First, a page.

Ethiopia’s Somali region has the lowest percentage of births in the country delivered either at home by a skilled practitioner (26%) or in a health facility (23%). 

The team of MSF midwives work hard to minimise the risks associated with childbirth for women and their babies. “We try our best to prevent complications and to explain risks and early signs of difficulties during labour,” says Hamdi. “We also try and convince a woman at risk to go to the hospital. But many pregnant women do not come for early pregnancy check-ups or for postnatal checks.”

Sahra, who is seven months pregnant with her seventh child, currently lives with her family 20 km from the village of Mirdonbas, where MSF runs another weekly mobile clinic. Hamdi checks the position and size of the baby; it is growing well and all appears normal. She also checks Sahra’s blood pressure and haemoglobin level and checks her for malnutrition. Anaemia and malnutrition are common among pregnant nomadic women, but Sahra is healthy and her test results are good.

Nomadic life is hard. Being constantly on the move, chasing unreliable water and food sources, take its toll, especially on pregnant women, mothers and young children.

“Our life means we are moving all the time,” says Sahra, “especially now, in the rainy season, when we walk for hours to find the best pasture. It’s hard, especially on women. When I’m pregnant like I am now, after an hour of walking, I’m really tired. I want to rest but it’s impossible.”

Sahra gave birth to all her children either at home or on the move, but says she came to MSF for antenatal and postnatal care whenever possible, when she was not too far away. “Luckily I am fine today,” she says. “If I experience any complications, I know I should go to Wardher hospital. But we don’t always have a network to call for an ambulance and they don’t have many vehicles.”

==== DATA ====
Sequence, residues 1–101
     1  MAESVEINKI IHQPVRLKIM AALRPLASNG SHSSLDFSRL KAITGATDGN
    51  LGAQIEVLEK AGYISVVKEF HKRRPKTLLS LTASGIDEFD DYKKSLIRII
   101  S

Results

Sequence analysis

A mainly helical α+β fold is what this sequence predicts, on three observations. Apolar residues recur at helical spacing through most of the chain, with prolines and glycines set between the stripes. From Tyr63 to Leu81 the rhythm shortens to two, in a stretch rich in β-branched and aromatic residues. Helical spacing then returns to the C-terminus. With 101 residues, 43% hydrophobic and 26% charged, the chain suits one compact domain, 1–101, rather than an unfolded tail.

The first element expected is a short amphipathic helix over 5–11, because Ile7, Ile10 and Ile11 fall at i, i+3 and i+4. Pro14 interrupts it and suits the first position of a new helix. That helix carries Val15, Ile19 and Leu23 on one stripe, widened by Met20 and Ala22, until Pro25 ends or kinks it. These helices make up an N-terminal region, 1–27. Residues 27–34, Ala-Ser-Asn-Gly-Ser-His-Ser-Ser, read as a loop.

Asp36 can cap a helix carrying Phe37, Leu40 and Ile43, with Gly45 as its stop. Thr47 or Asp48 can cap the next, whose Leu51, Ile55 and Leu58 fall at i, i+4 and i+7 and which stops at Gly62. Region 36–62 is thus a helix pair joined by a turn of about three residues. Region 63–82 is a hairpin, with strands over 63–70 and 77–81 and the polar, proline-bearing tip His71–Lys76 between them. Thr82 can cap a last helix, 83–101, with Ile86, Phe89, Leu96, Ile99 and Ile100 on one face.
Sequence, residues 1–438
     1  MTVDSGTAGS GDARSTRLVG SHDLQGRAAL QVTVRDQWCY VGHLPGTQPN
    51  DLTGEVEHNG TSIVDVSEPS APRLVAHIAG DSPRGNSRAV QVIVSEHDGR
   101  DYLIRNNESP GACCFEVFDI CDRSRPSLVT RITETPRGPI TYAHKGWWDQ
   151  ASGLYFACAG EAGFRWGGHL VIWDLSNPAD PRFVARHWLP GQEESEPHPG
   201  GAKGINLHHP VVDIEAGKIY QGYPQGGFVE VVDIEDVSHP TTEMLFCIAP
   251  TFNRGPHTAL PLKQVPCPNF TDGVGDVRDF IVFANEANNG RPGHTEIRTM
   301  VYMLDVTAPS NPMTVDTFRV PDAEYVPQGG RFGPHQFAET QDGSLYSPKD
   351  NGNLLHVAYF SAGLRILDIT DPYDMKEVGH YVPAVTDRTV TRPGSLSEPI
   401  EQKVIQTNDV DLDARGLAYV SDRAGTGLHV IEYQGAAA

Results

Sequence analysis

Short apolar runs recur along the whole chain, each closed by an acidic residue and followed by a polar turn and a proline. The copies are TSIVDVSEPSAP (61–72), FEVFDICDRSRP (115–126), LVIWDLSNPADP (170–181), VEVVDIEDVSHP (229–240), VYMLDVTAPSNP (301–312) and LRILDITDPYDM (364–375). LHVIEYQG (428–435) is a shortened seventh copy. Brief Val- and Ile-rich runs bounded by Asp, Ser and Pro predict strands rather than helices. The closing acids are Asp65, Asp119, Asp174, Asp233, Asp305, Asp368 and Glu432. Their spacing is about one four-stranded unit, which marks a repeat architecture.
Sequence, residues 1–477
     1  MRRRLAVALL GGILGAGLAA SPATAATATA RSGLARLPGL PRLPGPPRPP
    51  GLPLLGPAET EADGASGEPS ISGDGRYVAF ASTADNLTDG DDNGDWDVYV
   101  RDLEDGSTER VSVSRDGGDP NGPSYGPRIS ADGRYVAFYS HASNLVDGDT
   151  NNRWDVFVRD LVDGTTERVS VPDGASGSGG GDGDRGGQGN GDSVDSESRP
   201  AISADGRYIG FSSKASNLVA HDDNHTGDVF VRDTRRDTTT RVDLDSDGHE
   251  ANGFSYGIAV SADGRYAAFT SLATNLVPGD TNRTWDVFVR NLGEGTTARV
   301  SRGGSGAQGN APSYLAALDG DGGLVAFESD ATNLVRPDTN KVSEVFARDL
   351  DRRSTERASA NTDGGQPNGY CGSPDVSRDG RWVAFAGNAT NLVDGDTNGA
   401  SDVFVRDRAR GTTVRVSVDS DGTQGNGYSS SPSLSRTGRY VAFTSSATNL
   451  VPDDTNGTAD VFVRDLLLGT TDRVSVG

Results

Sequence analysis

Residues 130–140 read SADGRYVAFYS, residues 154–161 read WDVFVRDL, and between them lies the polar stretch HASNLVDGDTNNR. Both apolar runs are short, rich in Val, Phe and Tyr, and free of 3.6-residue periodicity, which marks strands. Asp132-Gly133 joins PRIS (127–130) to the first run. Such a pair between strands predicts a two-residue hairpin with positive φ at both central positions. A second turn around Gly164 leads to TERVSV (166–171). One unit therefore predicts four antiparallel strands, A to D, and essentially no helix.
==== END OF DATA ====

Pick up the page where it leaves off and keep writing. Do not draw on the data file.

Sahra leaves with her little son to buy tea, sugar and soap before returning to her family in the bush. Before leaving, she says: “I’d prefer to live another kind of life, if we had the means to settle. Last year’s rains were so unreliable and the last big drought killed many of our animals. We are so dependent on rain and pasture. The animals are our survival. We are always worrying about water: about water shortages or now about unclean water. Thank God, so far my family has been lucky and my children haven’t got sick from diarrhoea or other diseases. My children are my pride. I see them continuing our lives in the bush, but hopefully with many healthy animals to provide for us and for them.”

For MSF’s midwives, checking up on each and every pregnant woman living in and moving around this vast area is an impossible task. MSF is tackling this challenge by teaching women, their husbands and others in the community to identify complications during pregnancy or childbirth and act fast, as such early detection can be lifesaving.

Today’s clinic is coming to a close. The team are tired, but satisfied at having been able to help so many women and their babies. “This is why I wanted to become a midwife, to be there for our mothers and make sure they stay healthy and have healthy babies,” says Hamdi.